Abiotic ligation of DNA oligomers templated by their liquid crystal ordering : Nature Communications : Nature Publishing Group.
New study hints at spontaneous appearance of primordial DNA
Just the other day we had news of how the “stuff of life” was formed from basic chemical components – hydrogen cyanide and hydrogen sulfide – and now another suggestion on how nucleotides can form oligomers spontaneously. Nucleotides are the individual ‘-mer’ units of DNA or RNA polymers – polymers being long chain molecules made of many identical or similar sub-units. In the case of DNA each -mer has a nitrogenous base – Adenine, Thymine, Guanine and Cytosine, while RNA uses Uracil instead of Thymine – to which is attached a ribose sugar and a phosphate group or two.
RNA has long been known to act as an enzyme, a molecular machine, and forms most of that key molecular machine in all cells, the ribosome. When RNA is performing enzymatic processes it’s called a ribozyme – and the key enzymatic activity of ribosomes is carried out by RNA. Even DNA can act as an enzyme, though so far only in the lab: deoxyribozyme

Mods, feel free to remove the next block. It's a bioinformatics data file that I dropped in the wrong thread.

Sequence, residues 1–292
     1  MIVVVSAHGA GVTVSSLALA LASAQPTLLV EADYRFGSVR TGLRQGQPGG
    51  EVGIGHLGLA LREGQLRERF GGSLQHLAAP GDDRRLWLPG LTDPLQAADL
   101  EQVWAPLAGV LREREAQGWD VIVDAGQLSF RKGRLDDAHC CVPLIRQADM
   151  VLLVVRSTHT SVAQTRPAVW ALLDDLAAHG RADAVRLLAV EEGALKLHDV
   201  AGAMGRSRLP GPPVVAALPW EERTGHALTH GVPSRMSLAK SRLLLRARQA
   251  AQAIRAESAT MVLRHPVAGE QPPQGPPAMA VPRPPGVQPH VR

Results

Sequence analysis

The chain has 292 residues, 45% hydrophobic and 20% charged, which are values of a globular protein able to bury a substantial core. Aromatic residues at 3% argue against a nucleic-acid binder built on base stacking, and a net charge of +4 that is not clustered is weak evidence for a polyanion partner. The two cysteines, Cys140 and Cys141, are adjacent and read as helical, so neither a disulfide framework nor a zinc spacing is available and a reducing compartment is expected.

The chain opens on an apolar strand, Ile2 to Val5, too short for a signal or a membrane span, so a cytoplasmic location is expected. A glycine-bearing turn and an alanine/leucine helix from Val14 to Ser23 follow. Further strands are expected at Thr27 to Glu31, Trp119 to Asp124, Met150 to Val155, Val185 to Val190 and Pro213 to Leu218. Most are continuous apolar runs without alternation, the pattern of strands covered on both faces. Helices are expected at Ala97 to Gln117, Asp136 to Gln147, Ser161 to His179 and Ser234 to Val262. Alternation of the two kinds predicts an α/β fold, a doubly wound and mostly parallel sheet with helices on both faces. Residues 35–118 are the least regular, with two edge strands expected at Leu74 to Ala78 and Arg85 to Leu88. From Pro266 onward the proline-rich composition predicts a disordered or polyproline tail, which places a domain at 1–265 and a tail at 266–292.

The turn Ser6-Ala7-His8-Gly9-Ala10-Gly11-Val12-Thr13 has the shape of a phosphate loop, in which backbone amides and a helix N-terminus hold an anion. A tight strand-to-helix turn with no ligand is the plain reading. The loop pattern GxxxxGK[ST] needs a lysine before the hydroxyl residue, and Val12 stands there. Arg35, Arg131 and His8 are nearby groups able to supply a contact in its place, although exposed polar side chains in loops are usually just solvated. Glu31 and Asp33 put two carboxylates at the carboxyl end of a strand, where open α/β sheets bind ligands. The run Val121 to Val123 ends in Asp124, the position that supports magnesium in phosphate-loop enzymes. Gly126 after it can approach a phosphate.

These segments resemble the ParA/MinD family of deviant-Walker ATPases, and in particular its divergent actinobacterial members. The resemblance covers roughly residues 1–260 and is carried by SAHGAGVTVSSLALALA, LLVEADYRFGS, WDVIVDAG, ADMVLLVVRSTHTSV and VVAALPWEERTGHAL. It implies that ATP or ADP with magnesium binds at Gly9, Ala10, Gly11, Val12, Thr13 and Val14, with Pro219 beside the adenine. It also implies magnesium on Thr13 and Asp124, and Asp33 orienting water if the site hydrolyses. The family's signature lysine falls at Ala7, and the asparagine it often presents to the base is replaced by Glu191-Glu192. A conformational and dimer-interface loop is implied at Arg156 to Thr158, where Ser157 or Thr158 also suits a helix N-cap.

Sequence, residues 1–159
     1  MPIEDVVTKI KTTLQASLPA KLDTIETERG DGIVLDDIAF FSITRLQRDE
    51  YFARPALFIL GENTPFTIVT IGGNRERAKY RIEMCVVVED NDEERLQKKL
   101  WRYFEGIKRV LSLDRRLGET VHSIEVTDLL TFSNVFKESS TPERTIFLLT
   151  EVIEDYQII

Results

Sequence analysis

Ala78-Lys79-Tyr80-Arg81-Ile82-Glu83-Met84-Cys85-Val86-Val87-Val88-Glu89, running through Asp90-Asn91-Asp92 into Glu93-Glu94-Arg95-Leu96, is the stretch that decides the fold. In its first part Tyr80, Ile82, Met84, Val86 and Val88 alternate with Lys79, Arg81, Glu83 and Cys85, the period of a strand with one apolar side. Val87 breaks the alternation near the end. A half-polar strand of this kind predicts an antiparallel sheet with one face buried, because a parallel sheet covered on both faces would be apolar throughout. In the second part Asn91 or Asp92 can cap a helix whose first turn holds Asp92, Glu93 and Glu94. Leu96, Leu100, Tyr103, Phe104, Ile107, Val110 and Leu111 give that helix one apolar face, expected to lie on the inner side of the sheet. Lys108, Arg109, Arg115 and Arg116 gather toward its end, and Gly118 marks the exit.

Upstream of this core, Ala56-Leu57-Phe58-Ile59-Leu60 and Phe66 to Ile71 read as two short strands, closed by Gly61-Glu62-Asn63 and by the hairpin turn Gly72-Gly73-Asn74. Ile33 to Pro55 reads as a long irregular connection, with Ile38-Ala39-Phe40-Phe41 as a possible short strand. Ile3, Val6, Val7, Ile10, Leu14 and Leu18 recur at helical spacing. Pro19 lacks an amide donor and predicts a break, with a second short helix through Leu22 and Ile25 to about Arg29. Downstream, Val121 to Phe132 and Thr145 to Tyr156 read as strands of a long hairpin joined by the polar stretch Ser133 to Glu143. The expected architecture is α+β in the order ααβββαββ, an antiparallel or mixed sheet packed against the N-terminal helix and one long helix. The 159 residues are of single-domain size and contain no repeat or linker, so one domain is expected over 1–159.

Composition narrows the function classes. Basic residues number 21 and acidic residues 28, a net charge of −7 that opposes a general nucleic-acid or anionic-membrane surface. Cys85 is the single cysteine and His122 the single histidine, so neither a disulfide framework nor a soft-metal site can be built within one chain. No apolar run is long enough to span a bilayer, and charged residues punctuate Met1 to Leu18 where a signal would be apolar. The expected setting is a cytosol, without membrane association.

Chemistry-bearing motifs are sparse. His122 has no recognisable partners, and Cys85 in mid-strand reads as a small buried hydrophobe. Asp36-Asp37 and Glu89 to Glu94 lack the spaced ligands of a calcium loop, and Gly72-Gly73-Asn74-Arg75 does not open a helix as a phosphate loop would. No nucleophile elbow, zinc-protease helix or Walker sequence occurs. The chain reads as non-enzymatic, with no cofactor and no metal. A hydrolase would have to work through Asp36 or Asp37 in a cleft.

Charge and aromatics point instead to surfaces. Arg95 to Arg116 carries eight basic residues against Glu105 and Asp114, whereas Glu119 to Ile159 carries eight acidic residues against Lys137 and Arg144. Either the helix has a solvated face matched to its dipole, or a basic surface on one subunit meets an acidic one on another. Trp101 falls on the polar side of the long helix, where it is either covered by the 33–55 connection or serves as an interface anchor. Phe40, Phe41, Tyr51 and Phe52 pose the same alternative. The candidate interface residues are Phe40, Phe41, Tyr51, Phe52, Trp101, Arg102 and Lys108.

The interesting question, for astrobiologically minded folks such as readers of this blog, is whether the newly observed spontaneous polymerising of RNA/DNA can lead to ribozymes able to catalyze their own formation? If such can be observed to form spontaneously, then Life-as-We-Know-it can happen anywhere with the right conditions. But – and this is a more subtle question – how different can it be from our exact version? For example, there are 20 amino acids used by our kind of life, but potentially hundreds or thousands that *could* be used. Then there’s the Genetic Code – the specific way that sequences of the DNA nucleotides are translated into the strings of amino acids that make up proteins. The specific three nucleotide code which “spells out” the amino acids in our proteins is just one of many possible codes, of which there are about ~1.5 x 1084 possibilities to choose from. Why this specific set? And why are deviations from this specific Genetic Code so rare in living things?
The fact that the Code is seemingly arbitrary, as we have successfully changed it in organisms, also poses the question: Was our Genetic Code chosen? If so, by Who?